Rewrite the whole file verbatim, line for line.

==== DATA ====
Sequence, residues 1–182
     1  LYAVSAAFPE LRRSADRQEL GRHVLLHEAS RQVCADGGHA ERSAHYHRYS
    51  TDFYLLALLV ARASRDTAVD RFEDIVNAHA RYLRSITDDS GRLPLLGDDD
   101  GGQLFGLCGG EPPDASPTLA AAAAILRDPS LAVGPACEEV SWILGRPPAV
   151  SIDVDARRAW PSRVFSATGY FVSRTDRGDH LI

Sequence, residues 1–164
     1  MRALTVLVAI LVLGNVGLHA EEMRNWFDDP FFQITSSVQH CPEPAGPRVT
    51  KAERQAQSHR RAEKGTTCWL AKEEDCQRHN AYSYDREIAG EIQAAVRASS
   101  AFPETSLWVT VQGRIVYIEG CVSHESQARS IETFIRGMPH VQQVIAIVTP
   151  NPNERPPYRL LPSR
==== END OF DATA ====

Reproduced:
Sequence, residues 1–182
     1  LYAVSAAFPE LRRSADRQEL GRHVLLHEAS RQVCADGGHA ERSAHYHRYS
    51  TDFYLLALLV ARASRDTAVD RFEDIVNAHA RYLRSITDDS GRLPLLGDDD
   101  GGQLFGLCGG EPPDASPTLA AAAAILRDPS LAVGPACEEV SWILGRPPAV
   151  SIDVDARRAW PSRVFSATGY FVSRTDRGDH LI

Sequence, residues 1–164
     1  MRALTVLVAI LVLGNVGLHA EEMRNWFDDP FFQITSSVQH CPEPAGPRVT
    51  KAERQAQSHR RAEKGTTCWL AKEEDCQRHN AYSYDREIAG EIQAAVRASS
   101  AFPETSLWVT VQGRIVYIEG CVSHESQARS IETFIRGMPH VQQVIAIVTP
   151  NPNERPPYRL LPSR